In fact, just by looking at the evidence it seems that the more one “knows,” the more incapable one is of making good decisions. Perhaps all that knowledge takes up so much space in the brain, it totally incapacitates the decision making neurons of the brain.

    As for Greece, it totally reminds me of post WWI Germany; where the Lords of Finance decided that they could lend a bankrupt Germany billions of dollars so that Germany could take a portion of that money to pay back their war debts and old loans. This worked well for years until it didn’t.
    We all know how that ended, don’t we; I believe it was called the Great Depression. Somehow, the Lords of Finance believed that very basic rules of economics (which do not need at all any math to “prove”) could be over ridden by sleight of hand financial gerrymandering.

    Greece really needs to leave the EU and re-instate the drachma. There is no way on earth they will ever come up with the money that they owe. Greece will be in deep sheet for several years if they do this, but after 2 to 3 years, they will be back on their feet with a highly devalued drachma. They need to tell the EU, in polite politico/econo jargon to fuck off.
    (Argentina somehow survived their several defaults within the last 30 years, and historically Greece is a serial defaulter. Eventually, the creditors come back and chomp on the bit to once again loan money to these serial defaulters) .

    The financial whiz kids at the EU, the European Central Banks, etc., – despite their highfalutin academic credentials – determined that banks in Europe that buy sovereign debt from EU members can consider that debt AAA rated stuff. So a slew of French and German banks loaded up on Greek debt. I will surmise that the top guys at these banks are very smart (academically) folks. Yep, you can always rely of the really smart folks to chart the correct course.

    These banks – and their central bankers – need to face reality and bite the bullet and admit they totally F’d up and move on.

    As for the problems at Deutsche Bank, well, no one knows what will happen (see The Panic of 1907 – a great book !! and of course, the “contained” housing crisis that erupted in 2008 that, according to the MIT PhD and Princeton Econ Professor, and Fed chair, Bernanke, would not amount to a hill of beans given the fundamentally sound and robust economy- yea right).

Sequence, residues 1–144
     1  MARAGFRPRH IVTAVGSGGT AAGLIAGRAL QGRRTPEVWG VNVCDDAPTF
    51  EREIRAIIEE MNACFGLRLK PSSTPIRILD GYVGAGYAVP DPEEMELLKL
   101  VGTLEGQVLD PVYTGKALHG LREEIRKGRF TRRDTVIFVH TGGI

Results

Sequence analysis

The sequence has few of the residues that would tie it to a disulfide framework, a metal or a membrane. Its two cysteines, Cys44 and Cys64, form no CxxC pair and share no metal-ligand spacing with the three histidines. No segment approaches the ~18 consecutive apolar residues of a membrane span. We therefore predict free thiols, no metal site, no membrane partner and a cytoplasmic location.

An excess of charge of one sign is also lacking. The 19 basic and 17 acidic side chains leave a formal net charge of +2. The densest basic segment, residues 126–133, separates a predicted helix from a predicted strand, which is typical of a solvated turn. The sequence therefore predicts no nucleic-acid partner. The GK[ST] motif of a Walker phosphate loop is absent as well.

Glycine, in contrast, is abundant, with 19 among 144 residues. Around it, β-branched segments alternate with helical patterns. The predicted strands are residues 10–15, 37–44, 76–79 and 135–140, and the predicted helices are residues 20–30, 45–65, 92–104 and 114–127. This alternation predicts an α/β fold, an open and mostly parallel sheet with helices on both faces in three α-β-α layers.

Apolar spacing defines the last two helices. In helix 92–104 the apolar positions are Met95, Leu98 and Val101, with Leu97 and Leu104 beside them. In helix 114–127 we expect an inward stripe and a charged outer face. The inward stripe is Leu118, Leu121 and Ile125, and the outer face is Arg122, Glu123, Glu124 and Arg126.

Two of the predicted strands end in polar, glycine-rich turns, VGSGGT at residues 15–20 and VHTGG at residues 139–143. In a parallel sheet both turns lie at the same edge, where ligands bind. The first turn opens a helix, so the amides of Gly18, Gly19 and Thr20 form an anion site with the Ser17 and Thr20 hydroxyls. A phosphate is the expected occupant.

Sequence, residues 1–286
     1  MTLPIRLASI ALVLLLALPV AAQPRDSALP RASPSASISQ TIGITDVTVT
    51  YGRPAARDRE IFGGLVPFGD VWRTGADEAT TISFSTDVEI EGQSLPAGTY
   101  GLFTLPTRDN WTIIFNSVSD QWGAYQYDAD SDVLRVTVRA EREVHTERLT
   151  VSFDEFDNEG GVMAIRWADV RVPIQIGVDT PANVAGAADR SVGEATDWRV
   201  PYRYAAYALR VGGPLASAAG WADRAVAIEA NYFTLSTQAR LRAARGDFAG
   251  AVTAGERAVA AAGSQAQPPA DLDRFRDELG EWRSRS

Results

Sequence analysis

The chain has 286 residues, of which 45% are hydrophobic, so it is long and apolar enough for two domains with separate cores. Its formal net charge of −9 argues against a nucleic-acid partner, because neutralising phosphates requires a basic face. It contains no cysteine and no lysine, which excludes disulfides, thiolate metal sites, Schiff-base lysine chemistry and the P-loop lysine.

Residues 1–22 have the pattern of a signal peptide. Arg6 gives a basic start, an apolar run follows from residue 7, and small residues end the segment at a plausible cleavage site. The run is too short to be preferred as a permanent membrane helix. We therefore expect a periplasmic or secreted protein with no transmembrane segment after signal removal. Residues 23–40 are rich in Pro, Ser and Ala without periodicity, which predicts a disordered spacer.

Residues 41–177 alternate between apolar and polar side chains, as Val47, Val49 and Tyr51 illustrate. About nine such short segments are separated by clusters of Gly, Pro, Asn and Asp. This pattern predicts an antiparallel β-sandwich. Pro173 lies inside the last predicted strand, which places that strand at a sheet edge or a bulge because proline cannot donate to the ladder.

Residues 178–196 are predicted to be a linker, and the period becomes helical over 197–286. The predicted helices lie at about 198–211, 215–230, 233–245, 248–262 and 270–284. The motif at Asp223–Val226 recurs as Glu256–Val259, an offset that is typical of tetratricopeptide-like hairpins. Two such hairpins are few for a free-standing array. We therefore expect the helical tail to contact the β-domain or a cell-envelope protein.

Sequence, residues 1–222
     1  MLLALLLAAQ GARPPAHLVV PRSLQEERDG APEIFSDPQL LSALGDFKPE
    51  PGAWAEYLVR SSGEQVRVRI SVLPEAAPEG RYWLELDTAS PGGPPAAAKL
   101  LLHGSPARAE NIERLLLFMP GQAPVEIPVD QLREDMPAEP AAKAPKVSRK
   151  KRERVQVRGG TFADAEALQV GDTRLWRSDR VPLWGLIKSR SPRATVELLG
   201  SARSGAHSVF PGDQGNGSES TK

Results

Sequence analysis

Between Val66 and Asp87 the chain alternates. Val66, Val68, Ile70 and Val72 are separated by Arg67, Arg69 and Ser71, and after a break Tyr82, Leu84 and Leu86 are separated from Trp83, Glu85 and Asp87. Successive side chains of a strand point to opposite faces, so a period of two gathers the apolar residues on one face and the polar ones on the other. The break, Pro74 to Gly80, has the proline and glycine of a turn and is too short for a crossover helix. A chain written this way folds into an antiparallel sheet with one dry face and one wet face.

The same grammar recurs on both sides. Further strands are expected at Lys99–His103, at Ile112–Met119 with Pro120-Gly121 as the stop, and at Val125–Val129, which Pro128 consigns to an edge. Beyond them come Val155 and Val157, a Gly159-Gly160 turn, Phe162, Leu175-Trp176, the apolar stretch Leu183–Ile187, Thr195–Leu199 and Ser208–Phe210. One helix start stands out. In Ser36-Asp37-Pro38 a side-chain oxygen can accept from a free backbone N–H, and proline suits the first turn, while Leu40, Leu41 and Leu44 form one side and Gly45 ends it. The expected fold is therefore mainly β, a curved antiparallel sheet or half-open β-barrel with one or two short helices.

Let’s hope India annihilates Pakistan; that would be one less muslim nation that sponsors/supports/finances terrorism.

    • The fundamental problem re DB leverage, Wells Fargo account fraud, etc. is that there has not been any actual price paid by the senior management who are the primary beneficiaries (via bonuses) of pushing the edge of the envelope. This is apparently due to elite collusion. The fines in the papers are paid by the stockholders only: That is, your and my pension funds.

      When there is general bonus disgorgement three levels down and actual legal jeopardy for the actual fraudsters. then you might see some changes. As it is, ‘Wall St.’ has socialized the risks and privatized the gains. This must end.

        • @ LetsPlay – When you have finished building a gallows, I have a few people in mind we would like to send over. Maybe we can have a repeat performance of December 26, 1862.

  11. Two days ago,Sec of State John Kerry signed a controversial Small Arms Treaty at the UN.Its proponents claim it will stop small arms trafficking worldwide,because of course Syria,Sudan,Yemen etc will comply.Hillary has long supported this treaty,because “common sense”.It must be ratified by the US Senate,but then again,POTUS has a pen and a phone.The last few weeks of this appalling administration will be stuffed with every Progressive wet dream imaginable.Happy Friday,folks. Hope Karl weighs in on DeutscheBank…oh yea,black moon rising,tonite,I believe.

    • @ Nori – I saw an article that stated…”For no apparent reason, DB and all Germans banks will be closed next Monday. German people will not be allowed to enter a bank to withdraw their money.”

      Yes, that’s true.

      Do you want to know why? It’s because it’s a bank holiday to commemorate Tag der Deutschen Einheit (The Day of German Unity).

      I really wish your American press would do a little homework.

      • Karl,I have a hunch everyone here agrees wholeheartedly with your assessment of our media.It’s a national disgrace.They’re supposed to be the bulwark against corrupt politicos,not the soft downy pillow propping them up.Zman’s past essays concerning women in the workplace come in to play here.Lots of women in our media,and they all vote Democrat/Progressive,women’s “issues”. God help us.